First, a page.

For me, the choice to become vegetarian was simple. It really came down to two things: my health, and the health of the environment.
In all honesty, the documentary Cowspiracy made a huge impression on me. And no, it’s not a video about cows being brutally slaughtered on factory farms! Cowspiracy is actually a very uplifting film, and it gave me hope and motivation. Finally, after years of learning about climate change from public school and throughout my undergraduate degree in biology… finally I felt like there was something I could do that would actually make a huge impact for the health of our planet.
After I learned about how harsh animal agriculture is to the environment, I felt like I could no longer call myself an environmentalist, and continue to eat meat. It felt contradictory for me. I understood that cutting out animal products from my diet, was the number one best thing could do to make a difference and do my part in preventing environmental disaster.
* I’ve have been wanting to share this post for a long time now, but I’ve been hesitant to post it. I don’t like to stir up controversy, but I also believe in this lifestyle and have seen first hand the way that nutrition can change lives. Food is medicine! Please do not take offence if you disagree with my point of view, but try to read this with an open heart. This community that I have fostered is all about positive vibes and I only intend to share kindness and positivity. I am not judging anyone who eats meat. We are all on our own journey!*
Here are the facts [from Cowspiracy – view more here] that I just couldn’t ignore:
- Animal agriculture is responsible for 18 percent of greenhouse gas emissions, more than the combined exhaust from all transportation. 
- Livestock and their byproducts account for at least 32,000 million tons of carbon dioxide (CO2) per year, or 51% of all worldwide greenhouse gas emissions. 
- Livestock is responsible for 65% of all human-related emissions of nitrous oxide – a greenhouse gas with 296 times the global warming potential of carbon dioxide, and which stays in the atmosphere for 150 years. 
- Reducing methane emissions would create tangible benefits almost immediately. 
- A person who follows a vegan diet produces the equivalent of 50% less carbon dioxide, uses 1/11th oil, 1/13th water, and 1/18th land compared to a meat-lover for their food. 
If those facts intrigue you – or even if you aren’t convinced, be sure to watch Conspiracy. I promise you, it is more uplifting than anything you’re imagining, and you’ll be left feeling encouraged that the small act of altering your intake of animal products can make a real change in the world. [ You can watch Cowspiracy in full on Netflix! ]
I Went All-In
Like every other decision I’ve ever made in my life – I did it overnight. I went all-in and never looked back. At the same time I began studying holistic nutrition, and began to learn about the many health benefits of eating a plant-based diet. I am the kind of person who never turns down a chance to support my health + wellness, and this was no exception!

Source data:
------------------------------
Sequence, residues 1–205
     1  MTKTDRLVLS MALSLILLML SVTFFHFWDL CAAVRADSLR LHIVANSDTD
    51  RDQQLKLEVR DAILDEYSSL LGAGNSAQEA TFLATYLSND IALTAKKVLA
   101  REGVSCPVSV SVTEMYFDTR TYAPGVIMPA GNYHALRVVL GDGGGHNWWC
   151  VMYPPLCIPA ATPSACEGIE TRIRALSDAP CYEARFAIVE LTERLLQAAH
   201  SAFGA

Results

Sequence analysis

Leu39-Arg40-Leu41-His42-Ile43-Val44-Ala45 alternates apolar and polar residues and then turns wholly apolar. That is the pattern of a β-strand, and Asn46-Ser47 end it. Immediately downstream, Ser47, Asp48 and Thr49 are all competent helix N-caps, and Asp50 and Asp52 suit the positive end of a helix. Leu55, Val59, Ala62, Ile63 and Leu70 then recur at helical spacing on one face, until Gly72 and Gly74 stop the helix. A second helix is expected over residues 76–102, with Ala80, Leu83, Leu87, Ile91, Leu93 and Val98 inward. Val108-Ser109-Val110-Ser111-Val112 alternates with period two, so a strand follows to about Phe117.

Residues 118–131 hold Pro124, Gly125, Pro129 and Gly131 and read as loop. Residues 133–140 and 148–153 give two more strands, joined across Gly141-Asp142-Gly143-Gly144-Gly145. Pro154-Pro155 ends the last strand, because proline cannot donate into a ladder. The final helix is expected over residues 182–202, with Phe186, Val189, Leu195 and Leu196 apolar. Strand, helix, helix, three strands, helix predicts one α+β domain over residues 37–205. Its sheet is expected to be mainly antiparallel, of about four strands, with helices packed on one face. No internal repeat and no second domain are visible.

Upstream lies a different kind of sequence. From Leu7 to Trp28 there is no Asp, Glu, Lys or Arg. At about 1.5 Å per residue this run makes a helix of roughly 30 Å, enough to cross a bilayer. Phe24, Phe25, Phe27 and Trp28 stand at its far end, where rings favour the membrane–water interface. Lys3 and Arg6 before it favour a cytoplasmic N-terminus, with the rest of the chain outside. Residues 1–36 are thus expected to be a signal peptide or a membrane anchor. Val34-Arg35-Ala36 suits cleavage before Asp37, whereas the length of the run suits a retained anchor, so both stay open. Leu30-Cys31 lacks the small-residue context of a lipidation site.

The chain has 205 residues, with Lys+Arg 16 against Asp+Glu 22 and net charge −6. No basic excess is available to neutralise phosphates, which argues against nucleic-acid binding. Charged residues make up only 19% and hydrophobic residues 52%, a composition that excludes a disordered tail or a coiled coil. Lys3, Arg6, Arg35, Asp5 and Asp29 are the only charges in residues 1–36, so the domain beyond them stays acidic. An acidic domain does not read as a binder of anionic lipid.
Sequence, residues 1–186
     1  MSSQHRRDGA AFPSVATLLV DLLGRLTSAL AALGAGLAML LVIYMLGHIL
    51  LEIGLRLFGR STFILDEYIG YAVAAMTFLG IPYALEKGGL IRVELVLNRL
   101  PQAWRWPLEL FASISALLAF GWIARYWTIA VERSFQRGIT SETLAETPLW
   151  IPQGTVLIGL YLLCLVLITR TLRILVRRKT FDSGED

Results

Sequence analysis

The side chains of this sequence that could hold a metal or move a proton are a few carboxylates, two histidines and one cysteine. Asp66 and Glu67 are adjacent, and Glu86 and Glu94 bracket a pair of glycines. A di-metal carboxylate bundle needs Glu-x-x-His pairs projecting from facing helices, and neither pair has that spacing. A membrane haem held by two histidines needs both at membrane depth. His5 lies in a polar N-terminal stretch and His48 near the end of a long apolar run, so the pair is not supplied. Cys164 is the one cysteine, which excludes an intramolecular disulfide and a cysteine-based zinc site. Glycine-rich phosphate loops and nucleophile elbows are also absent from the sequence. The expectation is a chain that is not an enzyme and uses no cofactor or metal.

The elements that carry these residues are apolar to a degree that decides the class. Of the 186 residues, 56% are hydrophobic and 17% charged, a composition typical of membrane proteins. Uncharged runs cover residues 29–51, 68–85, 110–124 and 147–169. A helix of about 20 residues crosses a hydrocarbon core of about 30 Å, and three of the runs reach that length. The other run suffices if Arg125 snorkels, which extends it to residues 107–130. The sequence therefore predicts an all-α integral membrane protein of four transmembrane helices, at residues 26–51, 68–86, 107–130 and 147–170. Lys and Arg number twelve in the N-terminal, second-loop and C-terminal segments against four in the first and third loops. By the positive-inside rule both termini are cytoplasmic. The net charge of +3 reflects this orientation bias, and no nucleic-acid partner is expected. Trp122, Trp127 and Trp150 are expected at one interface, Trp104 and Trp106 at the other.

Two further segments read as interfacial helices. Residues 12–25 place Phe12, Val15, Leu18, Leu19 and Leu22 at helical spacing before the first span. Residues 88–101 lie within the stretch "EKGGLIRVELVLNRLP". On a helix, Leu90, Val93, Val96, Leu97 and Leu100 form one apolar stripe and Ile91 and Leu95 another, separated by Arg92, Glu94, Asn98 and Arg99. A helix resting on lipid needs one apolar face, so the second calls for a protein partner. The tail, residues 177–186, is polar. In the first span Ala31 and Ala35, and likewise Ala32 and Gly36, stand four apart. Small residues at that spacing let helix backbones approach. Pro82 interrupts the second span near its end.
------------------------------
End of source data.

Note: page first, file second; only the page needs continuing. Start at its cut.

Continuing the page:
From a Nutritionist’s Standpoint
In short: the standard american diet is a recipe for chronic illness. Our society is very centered around convenience & fast foods. Even the foods you buy in the grocery store often come prepared and ready to pop in the microwave.
In contrast: a health vegetarian or vegan diet has been shown to prevent and even reverse many chronic illnesses.
The first question people normally ask me is “how do you get enough protein?” We have been lead to believe by the animal agriculture industry that we need animal protein (lots of it) for a well balanced diet. What I would like to point out is that too much protein is not good for you. Excess animal protein can contribute to heart disease, stroke, colorectal cancer, osteoporosis…. Where as protein-rich plant foods provide the body with protective phytochemicals that are not found in meat!
A well designed vegetarian diet can easily provide sufficient amounts of protein, and lower (but adequate) protein levels actually be advantageous. The RDA for protein is 0.8 grams of protein per kilogram of body weight (g/kg) – for vegetarians and meat eaters alike. Vegetarians can easily achieve this by including a variety of legumes, beans, nuts & seeds, quinoa, chia seeds, spirulina… the list goes on! The best way is to focus on eating unprocessed, plant based whole foods. With this attitude towards nutrition, it is easy to thrive on a vegan or vegetarian diet without going out of your way looking for protein sources. It has a lot to do with simply becoming more mindful of your diet.
I have personally met so many people who have reversed chronic conditions by turning to a vegetarian or vegan diet. These are people who were raised on meat and potatoes! I thought to myself “If they can do it, so can I”… and so I took a leap and went for it.
I’m not saying that everyone has to become vegetarian or vegan overnight. Not at all! I’m saying that if you slowly begin reducing your intake of meat and animal products; not only will you see a drastic change in your health, but you will also be doing the planet a huge favour. I have been eating a vegetarian diet for 2 years now, and am currently working towards vegan. It’s all part of the process! For more inspiration on how eating a plant based diet can change your health, check out www.forksoverknives.com, or watch Forks Over Knives on Netflix.
I don’t miss it.
Honestly! I don’t. Vegetables have taken on a whole new life and flavour to me & I could eat beans every day. Eating plant based is such a great opportunity to open up and try new recipes. There are SO many amazing resources right now for healthy, plant based cooking. Here is a list of some of my favourite plant based food blogs:
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